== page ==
From the Austin City Government:
The City of Austin Equity Office was established through a City Council resolution in 2015, and officially opened with the hiring of the first Chief Equity Officer, Brion Oaks, in 2016. Unlike the many Equity Offices throughout the nation where city staff have driven the creation of these offices, the impetus for establishing the Austin Equity Office was years of grassroots organizing by local community members and coalitions who were calling for the development and implementation of an equity assessment tool.
Austin has a long history of codified racial segregation, and while some reports outline the deep-set divisions and disparities experienced by community members, others tout Austin as the best place to live in America, which serves to mask the work that still needs to be done.
When it came time to begin developing the Equity Assessment Tool, the Equity Office brought the communities who had organized for the establishment of the office together to form what is now called the Equity Action Team (EAT). This body, which now numbers more than 100 people, includes community members, representatives from local organizations and coalitions, city staff who are organizing around equity internally, and institutional partners.
While EAT is one of the ways the Equity Office works with community, the relationship with them goes far beyond what is traditionally thought of as “community engagement.” Throughout the first six months of 2017, EAT collectively dedicated over 850 hours to a co-creative process to build out and refine what is now the City’s first Equity Assessment Tool, and one of the City’s first Open Government Partnership projects. As the Equity Office, still very much in its infancy, worked in tandem with community to develop the Equity Assessment Tool, it became clear that in addition to being our co-creators, EAT also functions as a body of consultants that guides the work and holds staff accountable.
Although the Equity Assessment Tool is not considered a “tech” project or a “tech” solution, it is naturally aligned with the City’s goals of becoming open and smart because it has never been closed. Anyone can join EAT and when the co-creative process is underway the documents are open publically on cloud-based platforms for edits, comments, and suggestions. Austin’s history has demonstrated that exclusivity can easily lead to disparities in outcomes, and it is more difficult to open up something that was once closed than to design an open process with people most directly impacted from the beginning.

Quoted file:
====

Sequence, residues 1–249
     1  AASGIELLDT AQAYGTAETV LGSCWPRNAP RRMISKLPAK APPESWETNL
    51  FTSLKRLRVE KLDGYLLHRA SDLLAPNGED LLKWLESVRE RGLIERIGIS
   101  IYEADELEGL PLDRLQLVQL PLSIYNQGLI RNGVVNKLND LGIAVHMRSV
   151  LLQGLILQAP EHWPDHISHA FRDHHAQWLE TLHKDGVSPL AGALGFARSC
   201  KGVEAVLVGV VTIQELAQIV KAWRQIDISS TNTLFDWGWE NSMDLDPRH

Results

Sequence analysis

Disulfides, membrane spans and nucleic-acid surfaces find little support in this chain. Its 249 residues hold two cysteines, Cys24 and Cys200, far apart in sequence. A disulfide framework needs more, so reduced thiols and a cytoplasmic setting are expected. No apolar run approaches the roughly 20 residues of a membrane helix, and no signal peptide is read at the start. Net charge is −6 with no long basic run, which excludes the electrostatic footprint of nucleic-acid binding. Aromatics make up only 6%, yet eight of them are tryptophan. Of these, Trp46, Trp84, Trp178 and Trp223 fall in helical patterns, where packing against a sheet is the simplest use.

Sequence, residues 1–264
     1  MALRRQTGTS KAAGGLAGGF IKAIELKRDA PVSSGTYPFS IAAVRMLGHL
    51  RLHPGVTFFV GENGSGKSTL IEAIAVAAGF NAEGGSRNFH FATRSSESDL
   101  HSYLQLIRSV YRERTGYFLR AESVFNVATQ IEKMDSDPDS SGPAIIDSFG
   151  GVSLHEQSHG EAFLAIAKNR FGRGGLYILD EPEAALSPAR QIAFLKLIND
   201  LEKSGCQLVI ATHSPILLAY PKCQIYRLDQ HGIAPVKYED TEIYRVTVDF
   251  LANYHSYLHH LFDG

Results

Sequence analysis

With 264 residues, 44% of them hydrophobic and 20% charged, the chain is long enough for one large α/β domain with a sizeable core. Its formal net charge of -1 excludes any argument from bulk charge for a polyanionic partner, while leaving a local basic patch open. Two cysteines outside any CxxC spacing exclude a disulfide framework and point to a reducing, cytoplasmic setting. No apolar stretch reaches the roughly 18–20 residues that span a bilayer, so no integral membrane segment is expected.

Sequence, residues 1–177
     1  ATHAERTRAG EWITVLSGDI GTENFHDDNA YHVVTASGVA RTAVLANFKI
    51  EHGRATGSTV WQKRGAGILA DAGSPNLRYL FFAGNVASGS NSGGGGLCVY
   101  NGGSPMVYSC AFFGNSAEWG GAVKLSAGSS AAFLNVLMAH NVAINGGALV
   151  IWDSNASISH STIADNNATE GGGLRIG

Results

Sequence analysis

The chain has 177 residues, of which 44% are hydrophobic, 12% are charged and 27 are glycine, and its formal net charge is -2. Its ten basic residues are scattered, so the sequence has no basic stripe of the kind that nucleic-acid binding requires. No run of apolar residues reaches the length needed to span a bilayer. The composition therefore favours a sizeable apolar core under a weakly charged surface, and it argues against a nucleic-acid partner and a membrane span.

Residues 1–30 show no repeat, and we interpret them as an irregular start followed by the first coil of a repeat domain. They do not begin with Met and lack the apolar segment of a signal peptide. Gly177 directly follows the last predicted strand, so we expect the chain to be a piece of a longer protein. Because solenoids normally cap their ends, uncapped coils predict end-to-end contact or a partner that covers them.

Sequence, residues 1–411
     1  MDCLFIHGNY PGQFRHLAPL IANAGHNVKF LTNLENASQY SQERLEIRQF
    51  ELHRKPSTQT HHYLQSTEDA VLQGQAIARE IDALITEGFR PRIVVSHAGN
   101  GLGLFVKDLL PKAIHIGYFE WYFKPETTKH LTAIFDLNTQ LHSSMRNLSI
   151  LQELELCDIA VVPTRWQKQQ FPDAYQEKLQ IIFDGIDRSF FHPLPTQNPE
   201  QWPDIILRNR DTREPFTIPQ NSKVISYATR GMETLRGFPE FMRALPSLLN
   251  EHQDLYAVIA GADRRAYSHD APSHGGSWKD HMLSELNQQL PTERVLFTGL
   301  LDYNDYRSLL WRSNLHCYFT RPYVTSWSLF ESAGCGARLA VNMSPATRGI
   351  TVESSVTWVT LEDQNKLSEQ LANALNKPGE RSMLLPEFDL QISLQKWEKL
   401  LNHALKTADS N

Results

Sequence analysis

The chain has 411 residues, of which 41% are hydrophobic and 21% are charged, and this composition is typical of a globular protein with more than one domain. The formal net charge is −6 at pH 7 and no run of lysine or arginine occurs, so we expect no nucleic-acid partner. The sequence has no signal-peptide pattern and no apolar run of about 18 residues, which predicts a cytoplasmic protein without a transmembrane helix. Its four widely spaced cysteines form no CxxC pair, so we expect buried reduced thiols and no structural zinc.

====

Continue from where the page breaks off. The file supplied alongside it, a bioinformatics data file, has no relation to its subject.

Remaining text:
Additionally, there is an efficiency to be realized when time and energy are invested in community on the front-end of a project. There is a natural push to be “solutions focused” in the work we do. However, working with community in a meaningful way is not always fast and identifying solutions quickly is not always at the top of the priority list. Often there is history that needs to be unpacked, ideas that need to be let out and explored, and conversations about what success will look like, and for whom, before solutions enter the conversation. When these crucial pieces are skipped, the solutions that are identified are likely to be rejected by the very people they were created for.
The Equity Assessment Tool was piloted by eight city departments in 2017 and is currently being piloted by and additional 13 city departments. The Equity Office is working to determine the capacity necessary to implement the tool in all 47 city departments in 2019. One of the most interesting findings of this process has been the lack of disaggregated data we collect as a City and our tendency to develop data silos. As we move forward, the Office is working with other community members and other city staff to identify how to keep the data generated by the Equity Assessment Tool open, and advocating for better data collection practices and storage that are also accessible and meaningful for community members.